Neuronal Intranuclear Inclusion Disease Without Polyglutamine Inclusions in a Child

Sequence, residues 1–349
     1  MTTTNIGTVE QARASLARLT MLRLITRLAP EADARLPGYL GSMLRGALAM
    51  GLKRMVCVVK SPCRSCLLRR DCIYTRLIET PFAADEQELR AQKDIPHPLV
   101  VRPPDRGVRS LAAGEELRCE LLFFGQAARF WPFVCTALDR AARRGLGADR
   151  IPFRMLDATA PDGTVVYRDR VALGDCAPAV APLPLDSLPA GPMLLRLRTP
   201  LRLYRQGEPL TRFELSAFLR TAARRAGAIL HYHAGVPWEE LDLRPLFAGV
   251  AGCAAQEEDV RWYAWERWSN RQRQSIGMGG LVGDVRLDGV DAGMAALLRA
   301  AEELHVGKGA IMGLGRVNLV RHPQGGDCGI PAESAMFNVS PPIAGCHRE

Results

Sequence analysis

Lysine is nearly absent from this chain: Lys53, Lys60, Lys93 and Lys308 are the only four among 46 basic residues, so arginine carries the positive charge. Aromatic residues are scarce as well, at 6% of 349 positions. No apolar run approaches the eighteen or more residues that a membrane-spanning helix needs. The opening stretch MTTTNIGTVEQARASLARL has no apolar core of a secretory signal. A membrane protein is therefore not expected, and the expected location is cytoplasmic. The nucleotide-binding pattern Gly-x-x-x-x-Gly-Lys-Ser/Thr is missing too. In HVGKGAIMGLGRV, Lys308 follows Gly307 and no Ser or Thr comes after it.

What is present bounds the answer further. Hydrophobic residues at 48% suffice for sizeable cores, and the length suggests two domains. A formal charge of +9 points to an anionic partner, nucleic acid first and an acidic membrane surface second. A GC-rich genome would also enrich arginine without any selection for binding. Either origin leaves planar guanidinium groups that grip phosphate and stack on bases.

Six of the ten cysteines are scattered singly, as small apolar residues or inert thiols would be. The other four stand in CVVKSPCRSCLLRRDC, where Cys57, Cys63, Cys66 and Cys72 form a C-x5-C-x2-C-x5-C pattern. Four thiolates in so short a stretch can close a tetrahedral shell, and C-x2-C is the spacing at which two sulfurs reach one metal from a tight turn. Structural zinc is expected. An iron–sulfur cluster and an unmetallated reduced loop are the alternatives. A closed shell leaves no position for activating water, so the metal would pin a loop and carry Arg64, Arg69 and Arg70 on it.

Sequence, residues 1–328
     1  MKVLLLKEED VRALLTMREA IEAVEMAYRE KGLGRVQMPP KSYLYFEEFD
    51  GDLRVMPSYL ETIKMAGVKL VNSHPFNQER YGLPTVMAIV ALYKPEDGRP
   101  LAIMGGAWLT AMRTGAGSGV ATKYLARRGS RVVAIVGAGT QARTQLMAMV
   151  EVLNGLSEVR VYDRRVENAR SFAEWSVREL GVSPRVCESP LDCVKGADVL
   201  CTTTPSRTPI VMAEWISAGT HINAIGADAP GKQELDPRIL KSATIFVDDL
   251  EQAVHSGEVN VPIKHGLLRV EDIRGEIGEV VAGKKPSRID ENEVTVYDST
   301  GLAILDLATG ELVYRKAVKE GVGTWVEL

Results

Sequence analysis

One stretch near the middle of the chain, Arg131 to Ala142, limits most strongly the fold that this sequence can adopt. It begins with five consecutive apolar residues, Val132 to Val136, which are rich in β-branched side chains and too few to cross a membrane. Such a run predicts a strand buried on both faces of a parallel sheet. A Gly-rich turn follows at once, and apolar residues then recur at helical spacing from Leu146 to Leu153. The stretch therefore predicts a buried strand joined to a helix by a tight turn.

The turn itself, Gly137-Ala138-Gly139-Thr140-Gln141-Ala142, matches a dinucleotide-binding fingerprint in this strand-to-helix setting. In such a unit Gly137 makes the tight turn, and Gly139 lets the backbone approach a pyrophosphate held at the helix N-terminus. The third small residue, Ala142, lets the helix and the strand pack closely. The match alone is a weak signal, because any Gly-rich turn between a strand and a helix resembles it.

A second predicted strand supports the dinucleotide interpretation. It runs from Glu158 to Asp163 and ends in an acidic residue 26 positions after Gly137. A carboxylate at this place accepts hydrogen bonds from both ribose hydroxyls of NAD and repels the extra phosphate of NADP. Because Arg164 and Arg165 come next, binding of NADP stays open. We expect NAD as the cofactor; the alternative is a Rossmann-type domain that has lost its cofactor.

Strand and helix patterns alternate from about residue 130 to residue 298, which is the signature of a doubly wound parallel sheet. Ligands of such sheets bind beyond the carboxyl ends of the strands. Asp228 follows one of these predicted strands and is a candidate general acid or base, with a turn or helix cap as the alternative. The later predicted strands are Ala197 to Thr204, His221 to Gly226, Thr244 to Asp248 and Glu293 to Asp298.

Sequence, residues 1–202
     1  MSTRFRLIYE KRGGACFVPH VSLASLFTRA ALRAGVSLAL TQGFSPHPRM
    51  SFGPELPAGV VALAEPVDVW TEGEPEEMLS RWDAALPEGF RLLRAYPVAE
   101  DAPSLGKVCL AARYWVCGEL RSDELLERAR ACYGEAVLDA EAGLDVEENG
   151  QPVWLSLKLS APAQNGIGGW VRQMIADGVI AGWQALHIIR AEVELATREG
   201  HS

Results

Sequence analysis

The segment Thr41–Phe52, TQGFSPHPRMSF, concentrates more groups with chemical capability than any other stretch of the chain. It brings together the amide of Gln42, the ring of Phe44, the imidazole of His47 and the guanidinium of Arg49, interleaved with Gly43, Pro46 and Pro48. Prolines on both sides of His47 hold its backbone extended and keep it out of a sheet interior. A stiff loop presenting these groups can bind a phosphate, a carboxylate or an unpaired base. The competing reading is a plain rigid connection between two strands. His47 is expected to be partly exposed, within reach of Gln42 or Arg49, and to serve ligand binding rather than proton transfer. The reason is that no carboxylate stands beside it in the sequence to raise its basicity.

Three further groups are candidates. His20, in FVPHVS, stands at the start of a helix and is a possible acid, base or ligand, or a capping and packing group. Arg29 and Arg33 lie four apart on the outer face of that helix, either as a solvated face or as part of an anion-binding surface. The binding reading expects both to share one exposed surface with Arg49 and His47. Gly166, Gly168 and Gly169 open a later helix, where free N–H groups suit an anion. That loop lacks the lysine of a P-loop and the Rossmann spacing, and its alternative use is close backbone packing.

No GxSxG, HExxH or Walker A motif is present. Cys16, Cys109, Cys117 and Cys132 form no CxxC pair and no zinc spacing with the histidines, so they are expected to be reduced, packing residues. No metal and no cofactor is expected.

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Neuronal intranuclear inclusion disease (NIID) is a rare and heterogeneous group of slowly progressive neurodegenerative disorders characterized by the widespread presence of eosinophilic neuronal intranuclear inclusions (NII) accompanied by a more restricted pattern of neuronal loss. We report here the pathologic findings in a 13-year-old boy who died after a 6-year clinical history of progressive ataxia, extrapyramidal manifestations, and lower motor neuron abnormalities. Histological evaluation of the brain revealed widespread NII in most neurons. Marked loss of cerebellar Purkinje cells and neurons in the dentate nucleus, red nucleus, and spinal cord anterior horns was accompanied by a modest astrocytosis. Because of the abundance of NII and the absence of a relationship between NII and neuronal loss or microglial activation, we conclude that loss of cerebellar, brainstem, and spinal cord neurons reflects selective neuronal vulnerability. NII were immunoreactive for ubiquitin, glucocorticoid receptor, and SUMO-1, a small, ubiquitin-like protein purportedly involved in protein transport and gene transcription. NII were non-reactive for polyglutamine (1C2), TATA binding protein, promyelocytic leukemia protein, heat shock protein 90, tau, alpha-synuclein, neurofilament, and beta amyloid. The moderate ubiquitin and strong SUMO-1 staining of NII in juvenile cases is the reverse of the pattern noted in adult diseases, suggesting the two age groups are pathogenically distinct. We suggest that juvenile NIID is a spinocerebellar brainstem ataxic disease possibly related to an abnormality in SUMOylation.

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